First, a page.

they were getting stuck, right, like as they were coming over.

Terri-Nichelle Bradley 36:25

Absolutely. So somehow, they were just being stuck at the port. So first, the challenge was getting the capital to get started. So I, I am here because of really strong women, right? There were very strong women who advocated for me and for brown toy box. The first the first investment in brown toy box was from Google for startups. I did that I did that with Joburg, Solomon. I did that incubator. I got a $50,000 Non dilutive grants. And that's what got me to prototyping. Right. And so and then from there, there were other women from there's an organization called sheEO, where they will give you $100,000.00 Interest Loan. But it's very competitive. And they selected five women that year. And I just happened to be one of them. So that was a blessing. Melissa Bradley from 1863 Ventures she went hard for me, is an organization here in Atlanta called Atlanta, both Building Initiative. LED Teresa Thornton, she went hard for me. And then the the economic development arm of the city of Atlanta, because one of the things that founders say in Atlanta is if you want to raise money, you have to eat Atlanta, which particularly Why did they say that? Because it was true. Atlanta in Atlanta is a market that oftentimes, they want the powers that be want to see someone else, do something first, and then they will do it. So they will follow on, but they won't start. Right. And so I had some really amazing women that went to bat for me, and I would not be here. You know, there was a CDFI. So that's another non traditional bank, right? development investment.

Nicaila Matthews Okome 38:21

So you went to the Community Development Financial Institutions Fund, yeah. Yes, I

Terri-Nichelle Bradley 38:28

went to a CDFI called ACE. And you know, there's a really amazing woman, Grace bricks, who leads that? And she said, Listen, I'm going to go in, and if anybody tells you no, they're gonna need to tell me why. And that's what all five of these women said to me if they tell you know, you've done the incubators and accelerators, you've got great credit, you've got a great product, right? You've got POS in hand, I like almost a million dollars in POS from Target, but I could not get access to capital. And so you know, with those things, but even with all those things going for me, and I had, you know, an amazing purchase orders, right? Yes, PLC and purchase, delay the process of actually starting with target because it seems like you got to prove but then you needed to raise money to be able to scale production to deliver to target.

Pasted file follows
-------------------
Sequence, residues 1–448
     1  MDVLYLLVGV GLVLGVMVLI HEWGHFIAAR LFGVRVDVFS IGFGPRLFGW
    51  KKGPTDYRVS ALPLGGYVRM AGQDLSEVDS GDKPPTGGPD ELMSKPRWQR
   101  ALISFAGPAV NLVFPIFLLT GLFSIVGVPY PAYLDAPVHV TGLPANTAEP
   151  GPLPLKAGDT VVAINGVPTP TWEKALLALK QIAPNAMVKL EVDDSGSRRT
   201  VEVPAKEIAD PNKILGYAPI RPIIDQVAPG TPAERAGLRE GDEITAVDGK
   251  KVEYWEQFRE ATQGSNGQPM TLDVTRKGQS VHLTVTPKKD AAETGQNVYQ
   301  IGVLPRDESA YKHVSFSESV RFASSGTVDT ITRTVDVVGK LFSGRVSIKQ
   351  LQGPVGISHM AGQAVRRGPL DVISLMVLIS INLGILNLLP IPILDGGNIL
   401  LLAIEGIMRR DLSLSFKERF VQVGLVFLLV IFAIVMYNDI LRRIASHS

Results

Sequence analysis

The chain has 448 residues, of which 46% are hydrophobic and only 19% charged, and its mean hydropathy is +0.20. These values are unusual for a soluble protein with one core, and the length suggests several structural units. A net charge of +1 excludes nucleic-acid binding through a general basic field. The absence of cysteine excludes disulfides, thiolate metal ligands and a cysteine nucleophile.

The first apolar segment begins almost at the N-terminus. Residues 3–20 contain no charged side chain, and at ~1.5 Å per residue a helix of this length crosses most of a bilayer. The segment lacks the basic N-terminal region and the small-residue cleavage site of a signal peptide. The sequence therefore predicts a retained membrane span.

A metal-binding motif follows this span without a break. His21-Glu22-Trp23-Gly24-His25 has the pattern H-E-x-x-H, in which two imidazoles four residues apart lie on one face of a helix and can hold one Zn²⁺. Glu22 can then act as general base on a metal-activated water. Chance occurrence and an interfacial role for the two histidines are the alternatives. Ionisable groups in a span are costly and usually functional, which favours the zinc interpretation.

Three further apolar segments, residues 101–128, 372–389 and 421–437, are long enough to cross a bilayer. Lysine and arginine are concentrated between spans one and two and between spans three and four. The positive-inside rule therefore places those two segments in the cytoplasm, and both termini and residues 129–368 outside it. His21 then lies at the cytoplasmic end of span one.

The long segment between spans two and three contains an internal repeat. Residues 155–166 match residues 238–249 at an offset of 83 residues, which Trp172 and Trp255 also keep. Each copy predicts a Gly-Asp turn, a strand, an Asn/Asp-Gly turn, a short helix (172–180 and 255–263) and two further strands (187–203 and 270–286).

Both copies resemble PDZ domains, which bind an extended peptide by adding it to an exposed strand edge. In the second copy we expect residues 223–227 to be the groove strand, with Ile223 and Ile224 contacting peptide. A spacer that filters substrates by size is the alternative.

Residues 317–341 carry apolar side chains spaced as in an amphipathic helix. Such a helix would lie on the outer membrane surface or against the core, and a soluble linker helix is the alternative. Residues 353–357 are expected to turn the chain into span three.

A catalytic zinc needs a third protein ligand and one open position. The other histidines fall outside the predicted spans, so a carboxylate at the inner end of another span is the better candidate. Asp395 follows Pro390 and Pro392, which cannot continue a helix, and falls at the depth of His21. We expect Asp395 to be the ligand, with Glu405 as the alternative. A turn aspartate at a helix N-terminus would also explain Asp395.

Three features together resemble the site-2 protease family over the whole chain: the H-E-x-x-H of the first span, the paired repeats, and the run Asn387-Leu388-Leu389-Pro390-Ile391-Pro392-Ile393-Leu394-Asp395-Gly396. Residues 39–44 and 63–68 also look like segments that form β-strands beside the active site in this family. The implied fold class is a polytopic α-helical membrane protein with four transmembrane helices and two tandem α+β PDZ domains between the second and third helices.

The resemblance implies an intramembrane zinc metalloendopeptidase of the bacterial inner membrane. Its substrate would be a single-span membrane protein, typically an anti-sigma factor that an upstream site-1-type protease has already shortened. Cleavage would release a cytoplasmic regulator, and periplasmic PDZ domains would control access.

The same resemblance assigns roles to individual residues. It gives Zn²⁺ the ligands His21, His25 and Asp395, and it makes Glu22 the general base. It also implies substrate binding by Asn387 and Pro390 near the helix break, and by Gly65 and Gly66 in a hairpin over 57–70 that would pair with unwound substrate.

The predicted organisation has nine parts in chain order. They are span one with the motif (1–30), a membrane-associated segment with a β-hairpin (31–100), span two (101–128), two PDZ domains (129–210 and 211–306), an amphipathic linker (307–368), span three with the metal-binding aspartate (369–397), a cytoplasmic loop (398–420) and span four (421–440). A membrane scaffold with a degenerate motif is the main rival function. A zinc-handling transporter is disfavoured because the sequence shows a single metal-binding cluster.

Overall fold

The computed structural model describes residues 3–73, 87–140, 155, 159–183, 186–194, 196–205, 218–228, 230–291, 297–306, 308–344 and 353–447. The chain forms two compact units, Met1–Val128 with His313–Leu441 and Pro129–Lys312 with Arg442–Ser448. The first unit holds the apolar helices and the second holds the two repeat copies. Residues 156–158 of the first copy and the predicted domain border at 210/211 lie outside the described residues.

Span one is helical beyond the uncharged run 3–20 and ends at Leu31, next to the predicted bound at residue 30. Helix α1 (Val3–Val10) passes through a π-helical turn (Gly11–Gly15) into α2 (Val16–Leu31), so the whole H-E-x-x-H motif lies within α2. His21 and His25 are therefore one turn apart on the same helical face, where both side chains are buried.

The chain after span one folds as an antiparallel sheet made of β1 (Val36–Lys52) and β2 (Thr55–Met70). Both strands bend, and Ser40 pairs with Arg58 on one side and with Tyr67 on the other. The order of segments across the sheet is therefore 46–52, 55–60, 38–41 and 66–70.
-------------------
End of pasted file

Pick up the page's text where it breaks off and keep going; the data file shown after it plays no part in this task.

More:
Nicaila Matthews Okome 39:19

Did they help at all with that process? No.

Terri-Nichelle Bradley 39:23

That's not our job. No, I worked my tail off from that January when we got that we want you full chain till October when we delivered. And we did deliver two weeks late, but it was because of things sitting in the port. Right and us not being able to get our products out and so but we were able to get it done like we were able to get raised all the capital that I needed to judge targets. So it was it was a journey, but you know, we did it

Nicaila Matthews Okome 39:59

now Oh, what can people find when they go to Target? Like, explain exactly what brown toy box is in today's iteration, because you've gone from subscription box, pivoted to making your own products. So just so everyone is clear?

Terri-Nichelle Bradley 40:14

Yeah. So brown Toy Box is a, we are a toy company, right? And we focus on 15 Different steam themes, all of which were blacks make up less than 5% of the workforce, at the highest levels, right. And some were less than 1%, like architecture and engineering less than 1%. Right. And so we do it in a way that is purposeful, that it's fun and culturally affirming, right? So in each of our kids, so we've got first of all, we've got steam kids, we've got giant puzzles, we've got books, we now have plush, and so we've got about 70 skews now. And then we got games and that kind of thing, too. We've got about 70 skews, we've got a line of college bills, HBCU edition. So those are replicas of HBCUs, we've got eight licenses right now. And so we are a educational toy company that you know, really designing toys, books, games, content, that center and celebrate black children in a way that they see themselves positively represented. And they can expand their ideas of the possibilities for their lives. And we really are honing in on Steam, because those are the careers of the future. And we see what's happening with AI now we see what's happening is like, yes, jobs, that these jobs are being eliminated, like crazy. So if we don't prepare our children to explore the steam pathways now, then they're gonna be locked out of economic mobility, right? Absolutely. And that's what we, you know, for me, I'm like, not on my watch. And, you know, you think about, you know, when you watch kids play, you can see their personalities coming out, you can see, you know, like, when I was kid, you know, people who saw so you are so bossy, but I was just showing leadership qualities, you.

Nicaila Matthews Okome 42:00

There, that's what we have to emphasize.

Terri-Nichelle Bradley 42:03

And we've got to turn those negative, those negative connotations of these different things into very positive things, right. But, but we want you know, you watch kids play, and you see them learning, you see them testing, you see them exploring, for all of it is about building the confidence to do it. All right. There's so much science about play based learning. And so we leverage that we test we test heavily in schools, we test with teachers, we test the parents, and and of course, the learners,